Want to do more than just “survive” cross-functional projects? Find out how to surpass expectations and optimize this workflow.
Running a project is hard enough when you’re managing just one team. Now imagine running several together. This is the life of a cross-functional team manager.
Running a multi-team project is no easy task. The more people from various departments and functions that come together to work on a collective goal, the messier things get. Not to mention the fact that each team member is already busy with priorities from their own department.
If you’re a cross-functional team leader, worry not. We’ve got you covered with this handy five-minute guide that will help you navigate those rough cross-functional team waters like a boss.
Leverage the cross-functional team’s expertise
No project manager out there knows it all, so choose experts from each of the teams you are working with to delegate tasks to and seek input from. Rome wasn’t built in a day, nor by one person.
- Encourage your team members to share their expertise. This will reinforce group contributions over individual efforts, and help your team stay aligned on the collective goal.
- Be sure to remember to clearly define roles and responsibilities as well, this will prevent task-overlap.
Lead the planning, but don’t make the plan
As a project manager, you’re in charge of making sure that there is a plan. Yet you shouldn’t define the whole plan yourself and micromanage execution.
Here are some suggestions that will help you get a good high-level plan together:
- Systematically define your project scope. Don’t rush through this phase and don’t make assumptions, as it will have a big impact on how the rest of your project develops.
- Align the project’s goals with that of your department or company.
- Break the project into manageable tasks and assign them according to each contributor’s strengths. Encode the tasks into a work management tool like Asana or Trello to ensure everyone has full visibility into the project’s progress.
- Once you have the plan, let each individual team work on their own section of the plan, and make sure all the pieces fit together by defining measurable and actionable KPIs.
Manage scope creep
Scope creep is the number one cause of projects being late or cancelled. Make sure you control that by:
- Saying “yes” or “no” from day one. Saying no doesn’t mean you actually have to say “NO,” it just means “not now.” If you phrase it that way, you’re less likely to make enemies, and more likely to set the tone for the rest of the project. Deciding what is or is not in the scope of your project early on will set people’s expectations, and protect your team from biting off more than they can chew.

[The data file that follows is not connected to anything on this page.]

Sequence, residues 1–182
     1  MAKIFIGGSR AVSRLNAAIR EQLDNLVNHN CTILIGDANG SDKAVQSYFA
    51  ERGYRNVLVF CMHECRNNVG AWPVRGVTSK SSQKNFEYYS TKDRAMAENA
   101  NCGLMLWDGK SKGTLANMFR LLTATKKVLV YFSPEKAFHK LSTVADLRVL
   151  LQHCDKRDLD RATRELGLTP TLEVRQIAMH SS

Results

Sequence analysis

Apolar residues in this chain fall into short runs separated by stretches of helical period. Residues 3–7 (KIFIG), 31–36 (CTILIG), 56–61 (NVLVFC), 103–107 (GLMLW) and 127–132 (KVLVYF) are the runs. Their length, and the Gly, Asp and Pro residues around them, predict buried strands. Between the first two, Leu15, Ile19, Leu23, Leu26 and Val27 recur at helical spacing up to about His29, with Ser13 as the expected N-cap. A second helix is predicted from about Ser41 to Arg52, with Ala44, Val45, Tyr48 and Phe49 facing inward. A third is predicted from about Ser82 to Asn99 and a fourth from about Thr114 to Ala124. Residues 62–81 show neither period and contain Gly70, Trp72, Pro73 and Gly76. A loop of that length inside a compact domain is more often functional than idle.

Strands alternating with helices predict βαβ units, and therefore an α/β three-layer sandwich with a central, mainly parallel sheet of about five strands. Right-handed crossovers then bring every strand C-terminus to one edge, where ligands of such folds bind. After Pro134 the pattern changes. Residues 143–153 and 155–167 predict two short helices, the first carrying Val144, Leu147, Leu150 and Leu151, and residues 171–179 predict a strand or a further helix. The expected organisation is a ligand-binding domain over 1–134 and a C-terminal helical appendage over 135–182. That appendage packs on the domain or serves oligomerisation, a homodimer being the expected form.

- If you absolutely must accommodate scope creep, consider using a change order form in order to do a proper cost-benefit analysis prior to altering the plan.
Coordinated, but independent
Different teams work in different ways. Your job as project manager isn’t to make your experts walk in lockstep, but rather to give them the freedom to operate in a way that works best for them. Remember that each expert from each team has their own priorities outside of your project, so find a system that keeps everyone on the same page without interfering with their personal workflows.
- Minimize interference between project goals and each expert’s own priorities. We’ve found that letting each expert operate in the work management tool of their choice (such as Asana or Trello) helps ensure that. Simply create a cross-functional team project in whatever tool you prefer, and use Unito to sync this project into the tools your experts are using. For example, if your project is in Trello, but your web developer works out of Jira, you can sync any issue requests to Jira, where the developer can manage and solve them at her convenience.
Doing so means you will have to schedule less checkpoints for individual teams to report back to the project manager. All updates will be automatically synced from tool to tool and team to team, in real time.
- Use OKR goals. We’ve also found that using OKRs keeps teams focused on their own contributions while preventing redundant or conflicting tasks. These goals are still timeline-based so the project schedule is preserved despite splitting each team’s efforts.
“More meetings” is rarely the solution to a problem. Instead, be very clear and communicate what’s happening via Slack or through a work tracking tool. Asynchronous daily standups can help team members understand what’s going on at their own pace. Real-time asynchronous communication also has the added benefit of instantly communicating critical updates to a scattered team.
As with any project, the key to success with cross-functional team planning is to stay organized. Keep your teams and their roles distinct so it’s easy to track responsibilities and deliverables. Protect your project plan from unwarranted changes that may end up complicating the overall plan. Finally, establish measurable and achievable goals for your project to give all teams a clear direction.
Unito can help you keep your cross-functional teams in sync.